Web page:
Mushroom, of some fungi, usually of the order Agaricales in the phylum Basidiomycota but also of some other species, the conspicuous umbrella shaped fruiting body (sporophore). To classify edible sporophores, the term mushroom is widely used; the term toadstool is also reserved for inedible or poisonous sporophores. There is, however, no empirical difference between the two terms, and some fleshy fungus fruiting structure can be properly applied to either. Mushroom refers to the common edible fungus of fields and meadows (Agaricus campestris) in a rather restricted context. A species which is very closely related, A. The mushroom, bisporus, is commercially cultivated and seen in markets.
In the agaric family (Agaricaceae), members of which carry small, blade-like gills on the underside of the cap from which the spores are expelled, umbrella shaped sporophores are found primarily. The agaric sporophore is shaped by a cap (pileus) and a stalk (stipe). The sporophore arises from an extensive network of thread-like strands (mycelium) underground. The honey mushroom is an instance of an agaric (Armillaria mellea). Depending on the available food supply, mushroom mycelia can live for hundreds of years or die in a few months. A mycelium will grow a new crop of sporophores each year during its fruiting season, as long as nourishment is available and temperature and moisture are sufficient.
Porosity is determined for every mushroom through vacuum infiltration. The loss of water is measured at various thermal treatment temperatures. As a result of thermal treatment, the collapse phenomenon of the pore process is studied by giving thermal treatment to mushrooms in which pores have previously been partially filled with isotonic solution. For all our experiments, we have used white button mushrooms (Agaricus bisporus) with a cap diameter in the range of 4 to 5 cm. The mushrooms were collected within 2 h of their harvest and processed for experiments at a temperature of 4 ° C and 95 per cent RH before they were used. The porosity of the mushroom after vacuum impregnation with the isotonic solution is determined by the weight gain of the mushroom. Mushroom caps are immersed in an isotonic solution. Subjected to a fixed vacuum of 20 mbar for 10 min at room temperature.
Common mushroom (A. bisporus) with closed veils and with cap diameters ranging from 30 to 40 mm were purchased at a local market. In order to calculate the distribution of density inside a mushroom, the cap and tripe tissue were fractionated. From ten halved mushrooms, fractions were collected, resulting in two groups of nine fractions. The gills were cut and these measurements were not taken into consideration. Both nine fractions of both classes of washed mushrooms had a density of Gauged calculated. The density was measured by means of the mushrooms' underwater weight. Immediately after it was brought under water, the weight of the fraction obtained in a basket hanging under a balance was read. No coating of these mushrooms was required (Konanayakam 1987), as no visible water absorption took place within five seconds of the recording of the underwater weight.
The density (g / cm3) is the weight quotient of the fractions and their weight under water. The inverse of the density is the real volume (cm3 / g). The mass yield (m / m) is the quotient of the weight of the specific mushroom or mushroom fraction after the necessary treatment (vacuum soaking, cooking and sterilization) and the fresh weight. The volume yield (v / v) is the volume quotient after cooking and the volume of the same raw fraction of the mushroom or mushroom. It is assumed that the volume after cooking is equal to the weight, with the cooked mushroom density predefined as 1.0 (g / cm3). The fractions of one group of 10 halves were immediately cooked after density measurements and the other group was vacuum-soaked before cooking.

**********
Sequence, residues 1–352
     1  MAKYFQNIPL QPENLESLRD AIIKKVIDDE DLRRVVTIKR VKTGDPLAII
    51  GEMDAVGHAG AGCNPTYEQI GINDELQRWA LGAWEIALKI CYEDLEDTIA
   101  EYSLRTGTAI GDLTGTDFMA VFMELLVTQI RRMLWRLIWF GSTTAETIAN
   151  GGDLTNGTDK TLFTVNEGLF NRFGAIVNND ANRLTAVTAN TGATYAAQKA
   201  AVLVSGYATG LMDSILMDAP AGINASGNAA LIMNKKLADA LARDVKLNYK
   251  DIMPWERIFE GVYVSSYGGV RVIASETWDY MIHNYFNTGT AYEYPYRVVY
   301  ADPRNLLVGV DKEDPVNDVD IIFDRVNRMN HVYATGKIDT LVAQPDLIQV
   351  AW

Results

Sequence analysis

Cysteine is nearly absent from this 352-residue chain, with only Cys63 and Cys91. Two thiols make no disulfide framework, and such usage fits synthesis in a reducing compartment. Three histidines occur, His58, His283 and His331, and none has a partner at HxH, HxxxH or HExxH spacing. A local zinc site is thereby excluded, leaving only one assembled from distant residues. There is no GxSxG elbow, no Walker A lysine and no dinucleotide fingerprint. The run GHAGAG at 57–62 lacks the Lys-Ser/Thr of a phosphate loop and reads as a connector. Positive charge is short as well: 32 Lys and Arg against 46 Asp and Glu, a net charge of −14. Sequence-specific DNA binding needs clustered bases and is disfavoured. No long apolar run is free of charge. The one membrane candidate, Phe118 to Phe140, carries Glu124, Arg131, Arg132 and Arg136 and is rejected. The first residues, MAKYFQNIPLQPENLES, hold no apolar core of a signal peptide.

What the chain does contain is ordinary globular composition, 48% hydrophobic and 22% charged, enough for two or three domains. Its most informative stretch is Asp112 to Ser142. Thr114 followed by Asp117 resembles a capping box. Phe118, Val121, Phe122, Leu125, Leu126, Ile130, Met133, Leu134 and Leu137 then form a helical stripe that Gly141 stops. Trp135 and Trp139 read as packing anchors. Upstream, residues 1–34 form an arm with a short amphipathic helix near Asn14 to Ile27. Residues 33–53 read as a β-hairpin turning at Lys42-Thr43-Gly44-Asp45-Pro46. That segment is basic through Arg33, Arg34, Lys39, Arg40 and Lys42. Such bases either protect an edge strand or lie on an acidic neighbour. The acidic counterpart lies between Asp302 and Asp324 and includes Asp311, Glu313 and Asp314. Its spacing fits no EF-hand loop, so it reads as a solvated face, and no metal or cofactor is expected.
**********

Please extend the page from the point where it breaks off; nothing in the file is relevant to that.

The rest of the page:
The vacuum soaking was carried out by holding the mushroom tissue under water in a vacuum desiccator for 10 minutes. After that, the vacuum was released and the air between the hyphae replaced the water. The fractions were cooked in water for 10 minutes and cooled in around 15 ° C water for 5 minutes. The fractions were then weighed again after cooling. These determinations have been replicated four times in total. Individual mushrooms of two batches were sterilized at 116 ° C in cans of 212,5 ml for 25 minutes, 0f 10 minutes at 100 ° C after blanch care.
The experimental determination of a material's structural properties is based on determining the density, apparent volume, and true volume. Mass is defined by calculating the weight of the sample. There are several methods for apparent and true amount. The methods most widely used for apparent volume measurements are:
Methods of volumetric displacement: the apparent volume is measured by putting the sample in a known liquid volume container and calculating the displacement of the volume;
Methods of dimension: the apparent volume is determined by combining a number of micrometer C-dimension measurements, assuming spherical or slab shapes;
Methods of the stereopycnometer: the sample is coated with silicone grease in order to render it impervious to gases and the stereopycnometer tests its apparent volume;
Methods of buoyant force: The apparent volume is measured by calculating the buoyant force applied to the sample while the coated sample is submerged in a known liquid.